The Kentucky Horse Racing Commission will have the final say on whether or not to invalidate Medina Spirit’s Derby win.
“Hopefully they’ll make a reasonable judgment,” Brewster said.
“I think there will be consensus on the subject that this is an infinitesimal amount that could not have affected the race,” the lawyer said.
Baffert, who has seen five of his horses fail drug tests so far this year, was suspended indefinitely from Churchill Downs Racetrack, where the Derby is held, as a result of Medina Spirit’s first positive test.
Medina Spirit was later allowed to race in the Preakness Stakes in Baltimore, the second leg of the Triple Crown, on May 15, under an agreement that it and another Baffert-trained horse, Concert Tour, will undergo “rigorous testing and monitoring” , the Maryland Jockey Club said.
Medina Spirit finished third in the Preakness.
Medina Spirit will not race Saturday in the Belmont Stakes in Long Island, New York, as Baffert was temporarily suspended last month for entering horses in that race, the third jewel of the Triple Crown, or other major New York circuits as a result of the positive drug test from the Derby.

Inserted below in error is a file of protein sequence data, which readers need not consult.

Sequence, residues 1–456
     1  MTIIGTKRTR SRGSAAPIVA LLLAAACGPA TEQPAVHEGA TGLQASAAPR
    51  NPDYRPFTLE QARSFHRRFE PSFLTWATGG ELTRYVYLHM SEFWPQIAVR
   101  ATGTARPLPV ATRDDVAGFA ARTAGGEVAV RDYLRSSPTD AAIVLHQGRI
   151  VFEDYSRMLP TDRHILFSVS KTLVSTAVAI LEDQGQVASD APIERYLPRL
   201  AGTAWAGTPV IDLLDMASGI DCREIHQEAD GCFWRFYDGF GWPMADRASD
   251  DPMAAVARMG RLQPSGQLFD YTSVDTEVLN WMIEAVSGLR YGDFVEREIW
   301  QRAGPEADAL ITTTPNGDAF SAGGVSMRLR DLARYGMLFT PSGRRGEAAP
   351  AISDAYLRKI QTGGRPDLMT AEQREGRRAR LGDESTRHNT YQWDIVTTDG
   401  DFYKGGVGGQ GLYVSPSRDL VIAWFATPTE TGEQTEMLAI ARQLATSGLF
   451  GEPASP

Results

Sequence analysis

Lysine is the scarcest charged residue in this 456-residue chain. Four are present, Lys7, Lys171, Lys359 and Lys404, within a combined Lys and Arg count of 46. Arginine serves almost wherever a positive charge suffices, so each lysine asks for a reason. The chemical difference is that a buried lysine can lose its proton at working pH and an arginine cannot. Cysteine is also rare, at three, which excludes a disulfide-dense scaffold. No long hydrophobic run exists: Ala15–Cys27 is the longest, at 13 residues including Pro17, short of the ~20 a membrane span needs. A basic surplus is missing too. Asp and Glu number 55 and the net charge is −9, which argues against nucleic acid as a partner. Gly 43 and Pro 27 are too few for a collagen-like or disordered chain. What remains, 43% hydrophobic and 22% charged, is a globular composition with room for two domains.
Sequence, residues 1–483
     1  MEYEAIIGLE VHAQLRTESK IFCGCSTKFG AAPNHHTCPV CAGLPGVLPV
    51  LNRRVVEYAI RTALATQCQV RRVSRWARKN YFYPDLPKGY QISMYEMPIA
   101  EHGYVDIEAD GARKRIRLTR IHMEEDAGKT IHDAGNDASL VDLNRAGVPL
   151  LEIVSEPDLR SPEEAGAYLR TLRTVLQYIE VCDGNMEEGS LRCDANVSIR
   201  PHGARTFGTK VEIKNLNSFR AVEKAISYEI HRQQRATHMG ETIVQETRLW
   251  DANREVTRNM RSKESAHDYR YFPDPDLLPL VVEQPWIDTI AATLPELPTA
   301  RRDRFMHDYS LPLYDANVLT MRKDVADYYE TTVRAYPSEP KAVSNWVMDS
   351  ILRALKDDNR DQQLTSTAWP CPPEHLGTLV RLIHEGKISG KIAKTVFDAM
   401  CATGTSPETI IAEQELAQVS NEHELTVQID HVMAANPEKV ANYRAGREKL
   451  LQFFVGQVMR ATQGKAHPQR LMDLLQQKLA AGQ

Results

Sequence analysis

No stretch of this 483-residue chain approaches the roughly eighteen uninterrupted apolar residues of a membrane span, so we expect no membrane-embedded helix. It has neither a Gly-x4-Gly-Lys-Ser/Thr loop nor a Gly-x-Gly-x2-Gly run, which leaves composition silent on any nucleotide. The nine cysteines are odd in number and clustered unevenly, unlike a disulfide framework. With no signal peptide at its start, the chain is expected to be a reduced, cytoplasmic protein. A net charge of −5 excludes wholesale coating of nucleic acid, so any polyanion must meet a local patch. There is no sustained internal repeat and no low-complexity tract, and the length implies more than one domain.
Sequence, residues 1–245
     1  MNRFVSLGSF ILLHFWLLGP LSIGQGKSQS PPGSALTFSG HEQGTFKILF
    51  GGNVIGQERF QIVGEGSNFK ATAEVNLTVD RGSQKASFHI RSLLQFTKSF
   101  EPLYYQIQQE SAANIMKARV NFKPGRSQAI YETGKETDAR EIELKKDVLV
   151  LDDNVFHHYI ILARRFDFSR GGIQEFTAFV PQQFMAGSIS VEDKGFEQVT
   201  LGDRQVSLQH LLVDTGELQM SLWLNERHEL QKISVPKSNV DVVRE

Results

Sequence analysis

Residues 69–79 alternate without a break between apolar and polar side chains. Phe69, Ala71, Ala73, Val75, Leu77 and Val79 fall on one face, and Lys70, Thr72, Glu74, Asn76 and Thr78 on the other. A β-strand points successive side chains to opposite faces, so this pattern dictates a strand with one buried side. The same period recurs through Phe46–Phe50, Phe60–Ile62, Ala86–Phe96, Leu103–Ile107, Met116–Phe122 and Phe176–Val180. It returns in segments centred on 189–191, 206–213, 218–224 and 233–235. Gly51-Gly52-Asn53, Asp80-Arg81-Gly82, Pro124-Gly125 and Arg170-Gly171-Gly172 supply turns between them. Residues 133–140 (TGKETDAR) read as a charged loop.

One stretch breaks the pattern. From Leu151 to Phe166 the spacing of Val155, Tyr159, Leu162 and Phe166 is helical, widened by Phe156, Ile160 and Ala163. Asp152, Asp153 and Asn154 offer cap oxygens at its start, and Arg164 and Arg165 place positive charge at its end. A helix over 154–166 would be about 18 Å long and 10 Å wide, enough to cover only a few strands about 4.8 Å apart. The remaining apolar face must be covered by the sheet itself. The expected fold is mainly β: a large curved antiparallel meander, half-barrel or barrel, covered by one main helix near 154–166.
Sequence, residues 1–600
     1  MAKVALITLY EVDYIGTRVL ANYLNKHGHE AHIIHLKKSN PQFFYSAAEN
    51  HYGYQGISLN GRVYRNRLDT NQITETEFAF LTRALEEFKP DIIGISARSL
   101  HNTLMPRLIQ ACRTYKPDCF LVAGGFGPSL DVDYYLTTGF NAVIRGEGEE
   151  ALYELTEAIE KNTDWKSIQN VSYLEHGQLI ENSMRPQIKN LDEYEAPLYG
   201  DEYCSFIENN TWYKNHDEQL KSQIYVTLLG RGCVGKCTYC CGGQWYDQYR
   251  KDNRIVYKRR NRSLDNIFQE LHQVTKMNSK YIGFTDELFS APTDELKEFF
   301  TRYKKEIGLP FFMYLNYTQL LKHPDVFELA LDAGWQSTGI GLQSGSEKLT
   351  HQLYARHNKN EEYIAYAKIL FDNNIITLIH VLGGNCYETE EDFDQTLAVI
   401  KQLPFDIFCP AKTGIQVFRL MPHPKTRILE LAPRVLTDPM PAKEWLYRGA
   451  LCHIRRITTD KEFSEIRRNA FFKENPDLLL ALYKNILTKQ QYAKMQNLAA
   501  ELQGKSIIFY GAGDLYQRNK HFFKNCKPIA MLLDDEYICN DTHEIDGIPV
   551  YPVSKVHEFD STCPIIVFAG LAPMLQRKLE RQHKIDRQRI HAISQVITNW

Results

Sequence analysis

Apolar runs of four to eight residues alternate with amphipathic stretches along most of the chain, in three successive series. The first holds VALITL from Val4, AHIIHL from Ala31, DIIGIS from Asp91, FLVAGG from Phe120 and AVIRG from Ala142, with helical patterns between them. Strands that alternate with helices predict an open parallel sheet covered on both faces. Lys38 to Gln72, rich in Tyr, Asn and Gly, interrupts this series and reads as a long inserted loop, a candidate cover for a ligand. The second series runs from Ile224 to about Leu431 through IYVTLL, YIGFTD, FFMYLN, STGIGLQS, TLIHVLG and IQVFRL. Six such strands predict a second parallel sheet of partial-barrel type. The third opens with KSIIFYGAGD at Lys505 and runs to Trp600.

Baffert has trained two Triple Crown winners. He has trained seven Kentucky Derby winners, including Medina Spirit.
Baffert’s attorney, W. Craig Robertson III, later issued a formal statement on Wednesday regarding the most recent drug test.
“In response to questions, this will acknowledge that the split sample from Medina Spirit confirmed the finding of betamethasone at 25 picograms,” Robertson said.
“There are other tests being done, including DNA testing,” Robertson said.
“We expect these additional tests will confirm that the presence of betamethasone came from the topical ointment, Otomax, and not from an injection,” Robertson said.
“Ultimately, we expect this case to be about treating the rash of Medina Spirit with Otomax. We have nothing more to say until the additional testing is completed.”
Kristin Voskuhl, a spokeswoman for the Kentucky Horse Racing Commission, said in a statement that the commission “will not comment or update on the status of ongoing investigations.”
“The KHRC is committed to fairness and transparency and will provide information to the media and the public at the end of an investigation,” Voskuhl said.
Marty Irby, executive director of the advocacy group Animal Wellness Action, said in a statement, “The news of Medina Spirit’s second positive test is not a shock.”
“Churchill Downs, the Kentucky Derby and the Kentucky Horse Racing Commission must work together firmly to take the 2021 Derby title away from Bob Baffert and the horse,” said Irby.
“And we call on Churchill Downs to show no mercy and permanently ban Bob Baffert and his horses from the Kentucky Derby and all Churchill Downs tracks. It is time to end the cheating and drug abuse in the fastest two minutes in the sport and an example must be made.”
Disclosure: CNBC parent NBCUniversal owns NBC and NBC Sports, which broadcast the Triple Crown races.